Modern Minoan Paganism: Walking with Ariadne's Tribe

Walk the sacred labyrinth with Ariadne, the Minotaur, the Great Mothers, Dionysus, and the rest of the Minoan pantheon. Modern Minoan Paganism is an independent polytheist spiritual tradition that brings the gods and goddesses of the ancient Minoans alive in the modern world. We're a revivalist tradition, not a reconstructionist one; we rely heavily on shared gnosis and the practical realities of Paganism in the modern world. Ariadne's thread reaches across the millennia to connect us with the divine. Will you follow where it leads?

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Are those things really horns?

Posted by on in Paths Blogs

While the labrys (the double-bladed axe) is certainly iconic of Minoan civilization, so is another symbol-cum-ritual-object: the sacred horns. (See the image at the top of this blog post.) Found on the rooftops of the temple complexes and peak sanctuaries of ancient Crete as well as in the frescoes and other art, this unique symbol was christened the Horns of Consecration by Sir Arthur Evans a century ago. But are they really horns? And even if they are, what do they stand for and how were they used?

Over in Ariadne’s Tribe, we’ve been discussing this issue for quite a while. One issue we’ve noticed is that the sacred horns don’t look at all like real cow or bull horns.


Minoan rhyton in the shape of a bovine head



Now, the Minoans were pretty good artists. Their depictions of people and animals in frescoes, on pottery, and on seals were very realistic. I’m pretty sure they were capable of making the sacred horns look like real bovine horns if that’s what they were trying to show. So what could this 'sacred horns' symbol really be?

Several researchers have noted the similarity between the Minoan sacred horns and the Egyptian horizon-plus-sunrise hieroglyph symbol, the akhet. I’ll admit, at first I wasn’t too keen on this connection, even though several of the folks in Ariadne’s Tribe did their best to convince me. It was only when I started researching the related hieroglyph, the djew, that I began to understand how the two might be linked.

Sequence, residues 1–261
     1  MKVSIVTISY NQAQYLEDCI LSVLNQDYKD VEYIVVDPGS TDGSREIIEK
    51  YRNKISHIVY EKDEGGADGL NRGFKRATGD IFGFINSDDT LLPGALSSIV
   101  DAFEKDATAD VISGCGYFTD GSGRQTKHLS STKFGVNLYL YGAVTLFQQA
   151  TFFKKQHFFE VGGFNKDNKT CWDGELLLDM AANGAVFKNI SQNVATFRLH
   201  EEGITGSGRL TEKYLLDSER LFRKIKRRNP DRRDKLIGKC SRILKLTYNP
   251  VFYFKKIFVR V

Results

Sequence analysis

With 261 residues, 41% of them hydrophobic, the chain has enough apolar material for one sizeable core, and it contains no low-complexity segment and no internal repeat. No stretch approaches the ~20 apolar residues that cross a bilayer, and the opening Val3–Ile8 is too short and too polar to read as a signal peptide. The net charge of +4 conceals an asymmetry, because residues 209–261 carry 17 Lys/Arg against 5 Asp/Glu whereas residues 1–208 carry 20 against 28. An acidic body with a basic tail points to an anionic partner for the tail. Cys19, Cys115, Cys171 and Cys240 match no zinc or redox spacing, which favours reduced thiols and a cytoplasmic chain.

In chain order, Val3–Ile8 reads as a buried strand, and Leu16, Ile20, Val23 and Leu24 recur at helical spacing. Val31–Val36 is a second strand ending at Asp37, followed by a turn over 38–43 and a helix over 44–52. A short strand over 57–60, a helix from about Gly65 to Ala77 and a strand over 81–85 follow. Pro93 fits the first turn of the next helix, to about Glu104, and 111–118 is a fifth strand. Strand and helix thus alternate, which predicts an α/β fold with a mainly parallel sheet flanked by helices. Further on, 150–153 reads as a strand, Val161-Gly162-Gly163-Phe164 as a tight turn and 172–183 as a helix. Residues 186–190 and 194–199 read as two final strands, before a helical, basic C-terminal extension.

Akhet and Djew hieroglyphs


The djew is essentially the akhet symbol without the sun: It is the mountain that marks the place of sunrise on the horizon. It’s meant to depict the low mountains that rise on either side of the Nile valley. More specifically and symbolically, it is the Cosmic Mountain, a concept whose function is the same as the World Tree in other mythologies. The root of the Cosmic Mountain reaches into the Underworld, while its peak reaches into the sky. In other words, it connects the different layers of existence.

When I reached this point in my research, I decided it was time to do a little meditation to see if I could get the bits and pieces to connect. I figured the Minoan sacred horns had a connection, at some level, with the idea of the Cosmic Mountain, but the horns just don’t look like a mountain (or even a pair of mountains) to me – they don’t look at all like rounded, wavy shapes the ancient Minoans used to depict mountains. So I focused on the symbol of the horns and asked for any information I was allowed to have that might clue me in about their real nature and purpose. What response did I get?

The symbol is the Gate of the Sun.

That one rocked my head back a bit. And it made perfect sense. Just as the akhet and djew are echoed in the pylon gates of the ancient Egyptian temples, so the Cosmic Mountain – the place of the sun’s rising and setting on the horizon – is echoed in the sacred horns, the Gate of the Sun.

During our discussions in Ariadne’s Tribe, we had touched on the possibility that the sacred horns were used for astronomical sightings, since they’re generally located along the edges of rooftops. I now suspect they were specifically used for sighting the place of sunrise and sunset as the sun moved along the horizon over the course of the year.

Identifying the sacred horns as the Gate of the Sun ties in another possibility as well: the idea of a Day Sun and a Night Sun, the sun as it soars across the sky during the day and the sun as it moves through the Underworld at night. The idea is not uncommon in ancient religions, from the Egyptian Ra in his solar barque to Shapash, the Canaanite sun goddess who journeys through the Underworld.

So if the horns are the Gate of the Sun, then who is the sun? A goddess? A god? If Dionysus is a solar year-king, as we suspect, then perhaps the sun itself is a goddess, his mother, even. But we’ve already identified Dionysus’ mother as Rhea, the Earth Mother goddess of ancient Crete.

This is what happens when you explore ancient religions, especially those that don’t have written texts for people to argue over. Each bit of the puzzle that we think we’ve put together brings up even more questions! But we'll keep on peeling off the layers, and with some persistence and the gods' grace, we'll figure it out bit by bit.

In the name of the Bee -

And of the Butterfly -

And of the Breeze - Amen!


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Laura Perry is an artist, writer, and the founder and facilitator of Modern Minoan Paganism. The Minoans of Bronze Age Crete have been a passion of hers since a fateful art history class introduced her to the frescoes of Knossos back in high school. Her first book was published in 2001; one of her most recent works is Labrys and Horns: An Introduction to Modern Minoan Paganism. She has also created a Minoan Tarot deck and a Minoan coloring book. When she's not busy drawing and writing, you can find her in the garden or giving living history demonstrations at local historic sites.


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